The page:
Does Galveston Island Have an ‘Off Season’ Real Estate Market?
Story & Photos By Lyndsey Garza
After living on the island for 13 years, I can say without a doubt that the last three months of the year are my favorite months to be an islander. With the unpredictable weather, I can enjoy the bay while getting a suntan with my family on our boat. Two days later, I can be bundled up in a jacket and pull on my boots to head out to show properties and houses for sale to potential buyers.
Although Galveston seems to slow down during the week, these months are also filled with fabulous fall events, such as the Lone Star Biker Rally, Octoberfest, Artwalks, Dickens on the Strand and the Moody Gardens Festival of Lights. Even though the beaches have a little more room, the visitors are still here. They are simply enjoying and discovering Galveston’s other attractions, which are starting to gain as much popularity as the well-known summer destinations.
How does this apply to real estate? From my experience as a realtor who specializes in the second home market, more people are falling in love with Galveston for more than the lure of sand between their toes. These same people are also seeing the incredible opportunity in purchasing property on the island and they get a high rental property cashflow in this properties that produce income, like rental real estate such as an apartment complex, single-family rental, duplex, or commercial building.
How can you blame them with amazing prices and enticing interest rates for both primary and second homes, and the inventory they have to choose from?
In my opinion, the buyers are holding the cards, even though prices appear to be stabilizing. You hear a lot of news regarding how stringent lenders have become, but this also provides opportunities for investors who aren’t happy with the return on their money in the bank.
There is a large long-term rental market in Galveston due to our student population and hard-working families who can’t meet lender guidelines. Match this with some distressed sellers and Ike-damaged homes still available, and it’s a no-brainer if they are looking for a three- to five-year investment.
We also had a quiet hurricane season. I can’t tell you how many times I heard the excuse, “I am going to wait until after September, then consider purchasing.” I just smile, because as we all know, September rolls around every year. The Gulf’s lack of activity this year simply increased consumer confidence. For those second home buyers, the vulnerability of the ‘vacation-rental-dollar-dependent sellers’ also provides the buyers with a little more muscle at the negotiation table.
I have always said that September through April are my busiest, most productive, months while most people call this period Galveston’s ‘off season’ market. I am already seeing an increase in business and calls in my office, and I look forward to showing these statistics off in next month’s article, which will highlight November and December’s actual real estate sales and statistics.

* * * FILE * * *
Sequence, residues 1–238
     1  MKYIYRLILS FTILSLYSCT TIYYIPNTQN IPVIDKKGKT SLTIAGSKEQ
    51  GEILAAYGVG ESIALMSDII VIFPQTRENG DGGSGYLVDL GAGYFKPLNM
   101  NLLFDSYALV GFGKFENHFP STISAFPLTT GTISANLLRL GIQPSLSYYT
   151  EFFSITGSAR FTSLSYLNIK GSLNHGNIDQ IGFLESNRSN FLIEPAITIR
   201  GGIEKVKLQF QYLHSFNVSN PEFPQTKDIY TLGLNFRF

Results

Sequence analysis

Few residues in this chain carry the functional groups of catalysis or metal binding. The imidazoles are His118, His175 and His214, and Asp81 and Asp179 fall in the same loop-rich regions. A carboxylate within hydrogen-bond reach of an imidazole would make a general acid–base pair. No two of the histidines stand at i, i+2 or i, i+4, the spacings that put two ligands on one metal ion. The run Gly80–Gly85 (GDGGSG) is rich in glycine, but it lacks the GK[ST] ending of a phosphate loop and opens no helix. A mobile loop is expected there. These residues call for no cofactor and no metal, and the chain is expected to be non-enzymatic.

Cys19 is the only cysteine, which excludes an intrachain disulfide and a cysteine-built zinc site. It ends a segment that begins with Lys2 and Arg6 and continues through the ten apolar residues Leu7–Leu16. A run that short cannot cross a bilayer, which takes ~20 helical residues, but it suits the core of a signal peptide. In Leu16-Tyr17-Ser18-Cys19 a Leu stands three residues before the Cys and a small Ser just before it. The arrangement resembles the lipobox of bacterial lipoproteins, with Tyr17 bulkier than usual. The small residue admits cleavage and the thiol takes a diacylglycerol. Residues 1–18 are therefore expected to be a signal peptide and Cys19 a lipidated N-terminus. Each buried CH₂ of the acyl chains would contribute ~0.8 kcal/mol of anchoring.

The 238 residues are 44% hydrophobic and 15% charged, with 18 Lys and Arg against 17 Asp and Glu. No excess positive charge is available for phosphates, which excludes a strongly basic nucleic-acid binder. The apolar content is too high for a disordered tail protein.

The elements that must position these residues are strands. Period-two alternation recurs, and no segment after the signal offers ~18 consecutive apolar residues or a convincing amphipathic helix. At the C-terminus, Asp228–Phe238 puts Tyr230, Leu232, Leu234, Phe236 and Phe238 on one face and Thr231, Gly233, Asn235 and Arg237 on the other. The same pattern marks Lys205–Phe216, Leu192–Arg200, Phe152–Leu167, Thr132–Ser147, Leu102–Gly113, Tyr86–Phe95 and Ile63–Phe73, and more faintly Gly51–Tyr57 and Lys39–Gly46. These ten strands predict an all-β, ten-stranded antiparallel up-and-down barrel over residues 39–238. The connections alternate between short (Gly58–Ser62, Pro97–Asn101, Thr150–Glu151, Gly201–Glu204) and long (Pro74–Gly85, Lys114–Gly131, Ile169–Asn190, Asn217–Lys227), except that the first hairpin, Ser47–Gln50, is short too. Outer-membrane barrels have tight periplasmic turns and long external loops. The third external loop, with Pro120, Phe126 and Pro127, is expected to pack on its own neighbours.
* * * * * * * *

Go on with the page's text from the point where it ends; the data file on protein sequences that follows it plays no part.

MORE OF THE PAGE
Let’s see what has gotten the current Galveston Island real estate market to where it is as of today. I am going to compare the sales during the first three quarters of the year (January – August) of 2008, 2009 and 2010.
I am looking forward to watching the activity of real estate in the next five months on the island. I know that when I am out showing property to clients looking at an empty beach, and feel that brisk north wind gust that makes me shiver, I will simply smile and paint the picture of Galveston’s summers that I know my clients will be enjoying in a few months. Galveston’s ‘off season’ market? I think not.
Lyndsey Garza is a Galveston resident and real estate agent with Galveston Real Estate Resource, LLC. Additional market information is available on her brokerages’ consumer friendly websites: www.homesofgalveston.com, www.condosofgalveston.com, and www.pointewestrealestate.com. You can reach her directly at email@example.com.
Remember, these 2008 sales numbers occurred in a time period I like to refer to as ‘pre-Ike’ and ‘pre-economic meltdown.’ There are some trends in the table above worth noting:
– West Galveston Island property sales have almost doubled since 2009 and are creeping back to 2008 levels.
– East end historical properties and Campeche Cove real estate are also close to 2008 levels.
– Downtown loft sales are having a slow recovery – numbers not far off from 2009 statistics.
– Pirates Beach and its neighboring communities are hot. Sales in this area have more than doubled as compared to 2009 levels.
– Areas to watch: Only two areas have surpassed their 2008 number of sold transactions, the west end resort community of Pointe West and the east end resort market. The success on the east end is primarily due to the popularity of Palisade Palms, the luxurious high-rise condo development. Both developments have aggressively priced properties, allowing buyers to own property at a serious discount, as compared to the developer pre-construction pricing in place two to three years ago.